And sexual identity is not always related to physical sexual response, contrary to what you may think.
It’'s like you’re eating a bowl of soup, and I keep trying to give you a spoon to eat the soup with, but you say the spoon is “too general,” and use a spork. Why? Because if you use a spork the soup must be that much more meaningful.
Society assigns a newborn baby a gender. No matter what sexual organs a child is born with, no matter what the child will eventually feel like, society needs to have a gender for the child. Usually, the gender assigned is the same as the sexual organs the child is born with, and usually those sexual organs seem to go with, or at least not conflict with, the way the child will eventually feel.
On the fly, there are at least five parts to this:
Physical body, excluding brain, of male, female, or both/neither
Brain “wiring” of male, female, or both/neither
Assumed gender (by society) of male or female, usually based on 1
Assigned gender (by society)
1 is generally external and superficial. E.g. If you have a penis, you’re male.
2 is disputed, but I think most people in the know would agree that there seems to be a difference between male and female brains, and that some trans folk have the brains of the “wrong” sex for their external physical features.
3 is what society assumes by considering your external physical features and your behaviors.
4 is where the expectations of society fall, where boys should be “boyish” and girls “girlish”.
5 is how the person feels inside, whether agreeing with 1-4 or disagreeing.
2 is the one that most of us can’t say about ourselves. I don’t know what sort of brain I’ve got, and because 1 and 3 don’t conflict with 5 for me, it’s no biggie.
When 4 or 5 conflicts with 1 or 3, trouble happens. Assumedly, when 2 conflicts with 1 is where the trouble starts.
I’m proofreading, but I can almost guarantee I screwed up at least once in there.
In anthropology, the official statement is that gender is a social construct and sex is biological. A lot of societies have strict gender roles. In some of these societies, it doesn’t matter what you were born as, but what you identify as. For example, a male could take on the attributes of a woman and be considered as a woman by his tribe. Such an individual would be a male (sex) woman (gender).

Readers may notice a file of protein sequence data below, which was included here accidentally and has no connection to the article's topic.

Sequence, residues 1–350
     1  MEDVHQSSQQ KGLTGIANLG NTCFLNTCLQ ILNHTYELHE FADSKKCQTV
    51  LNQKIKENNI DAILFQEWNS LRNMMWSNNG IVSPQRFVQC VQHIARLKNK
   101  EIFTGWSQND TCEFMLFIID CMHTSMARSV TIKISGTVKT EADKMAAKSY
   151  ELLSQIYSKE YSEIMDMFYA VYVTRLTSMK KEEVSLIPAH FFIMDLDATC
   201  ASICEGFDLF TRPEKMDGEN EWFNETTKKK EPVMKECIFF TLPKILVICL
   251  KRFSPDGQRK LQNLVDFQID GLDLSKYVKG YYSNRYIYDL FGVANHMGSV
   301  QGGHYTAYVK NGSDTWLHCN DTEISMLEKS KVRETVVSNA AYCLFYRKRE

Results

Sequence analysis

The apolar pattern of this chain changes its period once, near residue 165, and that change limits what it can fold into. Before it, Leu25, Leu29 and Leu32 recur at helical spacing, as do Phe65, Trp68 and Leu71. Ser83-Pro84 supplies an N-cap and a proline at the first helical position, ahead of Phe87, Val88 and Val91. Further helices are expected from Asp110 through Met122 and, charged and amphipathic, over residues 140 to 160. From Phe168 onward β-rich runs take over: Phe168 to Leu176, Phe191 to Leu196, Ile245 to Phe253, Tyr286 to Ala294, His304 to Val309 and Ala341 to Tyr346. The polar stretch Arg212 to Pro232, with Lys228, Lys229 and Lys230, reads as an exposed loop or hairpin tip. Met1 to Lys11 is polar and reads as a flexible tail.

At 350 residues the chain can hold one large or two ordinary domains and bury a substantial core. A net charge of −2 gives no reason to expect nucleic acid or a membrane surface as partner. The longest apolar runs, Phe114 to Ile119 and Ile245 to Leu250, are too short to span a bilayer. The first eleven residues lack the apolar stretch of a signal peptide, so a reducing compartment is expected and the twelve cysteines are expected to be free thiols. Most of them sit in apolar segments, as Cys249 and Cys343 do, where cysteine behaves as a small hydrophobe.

I feel that sex is much to broad of a term since it can be used for chromosomes, genitals and gonads. An individual with AIS would be chromosomally male, yet genitally (?) female. Most of these individuals have a womanly gender identity.
I, myself, am a genetic female who has always regarded herself as a woman. I went through periods when I was younger where I was so tomboyish, I only wore boy’s clothing and even tried to pass myself off as male, but I always identified as a woman. Although I have a lot of masculine characteristics to my personality and wouldn’t mind having a functional penis as well as a vagina, it is not a necessity and I get along fine with the parts I have.
For several years, I dated an individual who was born with a penis and XY chromosomes. This individual, I shall call Risu, is male based on sex. However, Risu had hormone issues and more estrogen and less testosterone was produced in her body than most males. I say “her” with good reason, because Risu identifies as a woman. For an anthropologist studying Risu, she is a male woman. Risu does not intend to get corrective surgery on her genitals although she identifies as a woman and has legally changed her name and the M on her driver’s license to F. Risu is “genderqueer” or “transgendered.”
Then there is my friend Naomi. Naomi was born XY and with a penis, yet she felt at odds with her body and her gender identity as a man. She had corrective surgery in order to change her penis into a vagina and took estrogen and testosterone blockers to make her form feminine. She is transsexual - an individual who desires to change their genitals from sex to another. Because her genitals are those of a female, Naomi can be considered a female woman, although there are individuals who would classify her as a male woman based on her chromosomes.
I know it is very confusing when you first encounter it.
Yes, I’m very much aware of this. It seems to me that the difference between “sexuality” and “gender” is that “gender” is something that is (almost) entirely a social construct. Nevertheless, I can’t imagine any society that would “assign” a gender to a child that is contrary to its sexual organs, but I understand the concept.